Assistant Director for Medical Education and Access Services Indiana University Indianapolis, Indiana
Introduction: Faculty are increasingly being called upon to teach medical students the skills necessary to have a strong foundation in evidence-based medicine (EBM) before they move on to the professional phase of their education. All too often, the expectation is that these skills can be imparted in a class or two when the curriculum allows. Prior to the inception of this study, our institution had been teaching EBM within a discrete 2-month time period during medical students’ first year. During a large-scale curricular overhaul, the approach to teaching EBM was changed to a more scaffolded, integrated approach with sessions being taught over the course of two years. In this study, we assess the differential impact of these two approaches to teaching EBM in the first two years of medical school.
Objectives: This research project aims to determine the potential differential impact of two curricular approaches to teaching EBM on student performance on an EBM assignment administered during the first year of clerkship.
Methods: In order to assess and compare student learning under the different curricula, the PI and a team of five faculty members used a modified version of the previously validated Fresno rubric to grade three years’ worth of EBM assignments given to students in clerkship rotations 1-3 (n = 481) during the Internal Medicine clerkship. Specifically, EBM performance in three separate student cohorts were examined. Assignments were anonymized before being randomly assigned to graders, and all possible student and date identifying information was removed.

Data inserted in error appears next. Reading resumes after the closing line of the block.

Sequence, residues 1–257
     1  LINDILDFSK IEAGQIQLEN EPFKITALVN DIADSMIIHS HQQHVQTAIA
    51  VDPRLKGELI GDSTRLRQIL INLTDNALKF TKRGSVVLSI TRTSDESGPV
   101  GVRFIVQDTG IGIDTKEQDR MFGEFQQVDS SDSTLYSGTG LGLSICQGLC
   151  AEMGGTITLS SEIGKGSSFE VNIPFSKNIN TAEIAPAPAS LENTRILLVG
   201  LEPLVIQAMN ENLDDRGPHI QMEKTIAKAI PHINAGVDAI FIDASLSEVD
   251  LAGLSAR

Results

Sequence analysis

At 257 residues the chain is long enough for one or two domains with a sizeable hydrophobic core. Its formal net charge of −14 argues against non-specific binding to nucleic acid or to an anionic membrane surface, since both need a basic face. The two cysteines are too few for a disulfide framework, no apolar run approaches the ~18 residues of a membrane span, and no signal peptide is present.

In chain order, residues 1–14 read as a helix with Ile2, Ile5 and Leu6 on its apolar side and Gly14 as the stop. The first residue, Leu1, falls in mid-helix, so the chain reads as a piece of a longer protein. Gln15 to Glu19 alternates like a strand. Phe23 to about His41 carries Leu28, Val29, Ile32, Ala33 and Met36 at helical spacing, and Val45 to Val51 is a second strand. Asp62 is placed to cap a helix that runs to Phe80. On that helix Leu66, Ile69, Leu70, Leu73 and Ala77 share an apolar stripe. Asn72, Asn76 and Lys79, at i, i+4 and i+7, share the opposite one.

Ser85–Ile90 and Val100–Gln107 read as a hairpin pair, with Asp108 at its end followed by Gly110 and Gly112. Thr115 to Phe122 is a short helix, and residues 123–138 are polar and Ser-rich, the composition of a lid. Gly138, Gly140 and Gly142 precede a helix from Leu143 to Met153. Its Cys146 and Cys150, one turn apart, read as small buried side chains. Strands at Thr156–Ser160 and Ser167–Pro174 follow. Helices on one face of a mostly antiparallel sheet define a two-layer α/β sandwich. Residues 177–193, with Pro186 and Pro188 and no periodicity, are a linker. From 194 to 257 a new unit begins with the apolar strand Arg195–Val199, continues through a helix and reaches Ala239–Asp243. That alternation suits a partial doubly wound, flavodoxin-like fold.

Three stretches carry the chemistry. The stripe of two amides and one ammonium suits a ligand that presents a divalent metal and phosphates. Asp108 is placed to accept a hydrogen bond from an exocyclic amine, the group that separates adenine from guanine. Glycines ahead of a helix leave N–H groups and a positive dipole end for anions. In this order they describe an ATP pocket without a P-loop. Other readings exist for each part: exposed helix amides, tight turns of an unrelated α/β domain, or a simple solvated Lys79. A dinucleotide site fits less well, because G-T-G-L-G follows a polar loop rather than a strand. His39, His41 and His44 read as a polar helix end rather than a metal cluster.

Results: Four hundred and eighty-one assignments were graded. Mean scores were compared for individual questions and cumulative scores using a one-way Welch ANOVA test. Overall, students performed .99 of a point better on the assignment from Year One (Y1), prior to EBM curriculum integration to Year Three (Y3), subsequent to EBM integration (p= <.001). Statistically significant improvement was seen on questions measuring students’ ability to formulate a clinical question and critically appraise medical evidence.
Conclusions: Results of this study suggest that taking a scaffolded, curriculum-integrated approach to EBM instruction during the pre-clinical years increases student retention of and ability to apply EBM concepts to patient care. Although it is difficult to fully attribute students’ retention and application of EBM concepts to the adoption of a curricular model focused on scaffolding and integration, the results of this study show that there are value-added educational effects to teaching EBM in this new format.